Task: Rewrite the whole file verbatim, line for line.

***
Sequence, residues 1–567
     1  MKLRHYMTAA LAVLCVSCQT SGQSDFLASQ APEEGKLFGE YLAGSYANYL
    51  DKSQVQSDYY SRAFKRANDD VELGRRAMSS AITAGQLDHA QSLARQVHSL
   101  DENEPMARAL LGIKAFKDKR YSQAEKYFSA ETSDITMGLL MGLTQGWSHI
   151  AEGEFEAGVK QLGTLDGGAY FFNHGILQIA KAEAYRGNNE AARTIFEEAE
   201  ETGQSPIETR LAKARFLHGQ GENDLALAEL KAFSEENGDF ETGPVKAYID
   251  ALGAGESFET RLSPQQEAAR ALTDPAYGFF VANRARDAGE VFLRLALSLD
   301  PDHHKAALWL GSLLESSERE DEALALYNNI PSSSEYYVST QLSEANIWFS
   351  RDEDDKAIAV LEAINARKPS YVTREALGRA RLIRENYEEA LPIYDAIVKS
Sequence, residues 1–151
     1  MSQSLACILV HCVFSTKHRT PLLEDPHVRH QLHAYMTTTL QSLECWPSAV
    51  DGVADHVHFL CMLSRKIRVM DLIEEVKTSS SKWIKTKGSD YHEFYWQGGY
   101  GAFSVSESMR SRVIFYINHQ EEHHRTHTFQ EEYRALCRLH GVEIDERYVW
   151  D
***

Sequence, residues 1–567
     1  MKLRHYMTAA LAVLCVSCQT SGQSDFLASQ APEEGKLFGE YLAGSYANYL
    51  DKSQVQSDYY SRAFKRANDD VELGRRAMSS AITAGQLDHA QSLARQVHSL
   101  DENEPMARAL LGIKAFKDKR YSQAEKYFSA ETSDITMGLL MGLTQGWSHI
   151  AEGEFEAGVK QLGTLDGGAY FFNHGILQIA KAEAYRGNNE AARTIFEEAE
   201  ETGQSPIETR LAKARFLHGQ GENDLALAEL KAFSEENGDF ETGPVKAYID
   251  ALGAGESFET RLSPQQEAAR ALTDPAYGFF VANRARDAGE VFLRLALSLD
   301  PDHHKAALWL GSLLESSERE DEALALYNNI PSSSEYYVST QLSEANIWFS
   351  RDEDDKAIAV LEAINARKPS YVTREALGRA RLIRENYEEA LPIYDAIVKS
Sequence, residues 1–151
     1  MSQSLACILV HCVFSTKHRT PLLEDPHVRH QLHAYMTTTL QSLECWPSAV
    51  DGVADHVHFL CMLSRKIRVM DLIEEVKTSS SKWIKTKGSD YHEFYWQGGY
   101  GAFSVSESMR SRVIFYINHQ EEHHRTHTFQ EEYRALCRLH GVEIDERYVW
   151  D